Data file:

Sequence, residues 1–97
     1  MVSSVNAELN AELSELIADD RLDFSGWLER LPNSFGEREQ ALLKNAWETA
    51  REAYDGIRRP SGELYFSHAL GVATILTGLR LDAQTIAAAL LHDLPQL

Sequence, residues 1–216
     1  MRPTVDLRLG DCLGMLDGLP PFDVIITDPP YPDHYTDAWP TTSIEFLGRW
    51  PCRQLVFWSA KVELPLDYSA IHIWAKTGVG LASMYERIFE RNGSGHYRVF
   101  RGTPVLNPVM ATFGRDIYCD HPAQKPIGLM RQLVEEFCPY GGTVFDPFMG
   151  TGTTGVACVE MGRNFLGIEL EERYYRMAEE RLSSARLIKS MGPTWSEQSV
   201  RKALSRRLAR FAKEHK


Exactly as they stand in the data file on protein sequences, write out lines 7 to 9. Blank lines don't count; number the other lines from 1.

   101  RGTPVLNPVM ATFGRDIYCD HPAQKPIGLM RQLVEEFCPY GGTVFDPFMG
   151  TGTTGVACVE MGRNFLGIEL EERYYRMAEE RLSSARLIKS MGPTWSEQSV
   201  RKALSRRLAR FAKEHK